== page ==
New Mexico lawmaker touts new ‘CHIPS-plus’ bill

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ALBUQUERQUE, N.M. –A bill was passed by the Senate Wednesday could bring more chips to the Land of Enchantment.

“During COVID, we saw a decline in availability of microchips of chips, and everyday tools that we use, like our phones, or you know, even video gaming devices, things of that nature. But think of the many vehicles that are stuck on lots that have been made in the United States. But they’re missing one component, a microchip, and that’s why they’re not able to function,”said state Sen. Ben Ray Luján.

The United States once owned about 37% of chip manufacturing globally. 

“We’re now approaching 12%. So it’s reduced dramatically,” said Luján.

A bill that passed the U.S. Senate Wednesday morning could change that.

“The yeas are 64, the nays are 33, and the motion to concur with an amendment is agreed to.”

“So this legislation provides more investment in encouraging expansion in chip facilities. Think of Intel in Rio Rancho in New Mexico, and built around their recent announcement of over $3 billion, which will mean more job creation and opportunities at the plant in New Mexico,” Luján said.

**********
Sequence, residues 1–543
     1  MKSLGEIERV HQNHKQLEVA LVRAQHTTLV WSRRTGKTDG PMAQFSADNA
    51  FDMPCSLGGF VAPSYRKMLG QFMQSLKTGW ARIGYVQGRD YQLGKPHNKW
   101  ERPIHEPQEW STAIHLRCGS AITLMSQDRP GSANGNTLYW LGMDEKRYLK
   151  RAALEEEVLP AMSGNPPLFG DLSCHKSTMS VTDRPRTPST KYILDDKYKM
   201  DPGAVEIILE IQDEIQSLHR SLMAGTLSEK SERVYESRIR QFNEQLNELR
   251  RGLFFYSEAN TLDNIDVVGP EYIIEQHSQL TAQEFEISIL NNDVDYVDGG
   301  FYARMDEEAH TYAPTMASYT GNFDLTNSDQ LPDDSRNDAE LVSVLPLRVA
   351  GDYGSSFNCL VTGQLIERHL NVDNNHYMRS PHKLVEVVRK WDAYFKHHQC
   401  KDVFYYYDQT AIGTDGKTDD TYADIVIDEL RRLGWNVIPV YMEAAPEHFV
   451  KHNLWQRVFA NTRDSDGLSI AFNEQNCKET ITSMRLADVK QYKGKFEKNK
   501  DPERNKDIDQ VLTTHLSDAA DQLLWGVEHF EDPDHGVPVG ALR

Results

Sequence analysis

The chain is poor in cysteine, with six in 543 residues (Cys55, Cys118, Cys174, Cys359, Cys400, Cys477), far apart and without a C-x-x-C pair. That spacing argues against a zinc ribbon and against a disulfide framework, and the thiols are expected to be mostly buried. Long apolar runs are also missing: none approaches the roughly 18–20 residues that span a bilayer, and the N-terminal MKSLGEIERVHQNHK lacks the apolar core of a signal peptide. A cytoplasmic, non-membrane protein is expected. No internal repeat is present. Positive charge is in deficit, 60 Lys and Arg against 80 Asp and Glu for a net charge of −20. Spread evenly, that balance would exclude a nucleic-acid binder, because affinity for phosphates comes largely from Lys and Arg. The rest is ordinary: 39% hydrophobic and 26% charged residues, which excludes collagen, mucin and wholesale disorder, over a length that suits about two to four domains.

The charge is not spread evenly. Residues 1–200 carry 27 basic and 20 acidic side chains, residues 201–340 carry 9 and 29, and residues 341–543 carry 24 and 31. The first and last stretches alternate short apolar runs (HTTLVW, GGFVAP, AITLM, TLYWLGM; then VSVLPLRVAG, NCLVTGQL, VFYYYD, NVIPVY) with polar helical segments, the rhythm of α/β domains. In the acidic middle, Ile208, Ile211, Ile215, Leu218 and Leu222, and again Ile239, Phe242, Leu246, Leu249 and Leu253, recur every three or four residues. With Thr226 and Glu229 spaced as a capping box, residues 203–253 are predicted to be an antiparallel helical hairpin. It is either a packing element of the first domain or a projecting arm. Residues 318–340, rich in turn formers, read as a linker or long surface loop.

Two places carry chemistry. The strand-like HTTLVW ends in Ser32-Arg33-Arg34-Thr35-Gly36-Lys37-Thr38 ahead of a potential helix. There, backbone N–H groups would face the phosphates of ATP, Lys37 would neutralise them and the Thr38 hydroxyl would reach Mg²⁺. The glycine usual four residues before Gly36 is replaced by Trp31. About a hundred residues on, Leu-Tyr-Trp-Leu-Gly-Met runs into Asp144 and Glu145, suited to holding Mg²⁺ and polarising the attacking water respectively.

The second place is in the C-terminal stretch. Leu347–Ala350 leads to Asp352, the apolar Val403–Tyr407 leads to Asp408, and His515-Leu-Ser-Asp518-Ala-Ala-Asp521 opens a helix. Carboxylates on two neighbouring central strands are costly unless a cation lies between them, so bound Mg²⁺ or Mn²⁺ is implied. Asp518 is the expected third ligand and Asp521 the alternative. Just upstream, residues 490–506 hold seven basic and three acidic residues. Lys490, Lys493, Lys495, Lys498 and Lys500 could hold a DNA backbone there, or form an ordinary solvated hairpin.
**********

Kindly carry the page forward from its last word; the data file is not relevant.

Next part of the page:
CHIPS-plus includes more than $50 billion for semiconductor manufacturing and research in the U.S. and billions more for our national labs.

“It will create more opportunities at Los Alamos and Sandia National Labs as well. And it will attract more public capital and financing, to work with entrepreneurs from our labs to be able to create small business opportunities,” said Luján.

Supporters argue that making more microchips at home for weapons and military equipment would help to eliminate national security threats. It would also help the United States keep up with other countries.

“If there’s one thing, again, that we learned during COVID, it’s that the United States was dependent on others, especially the government of China, for what they had done to grow chip manufacturing in their state,” said Luján.

The Congressional Budget Office said CHIPS-plus would cost nearly $80 billion over the next decade.

The House could take this legislation up as soon as next week.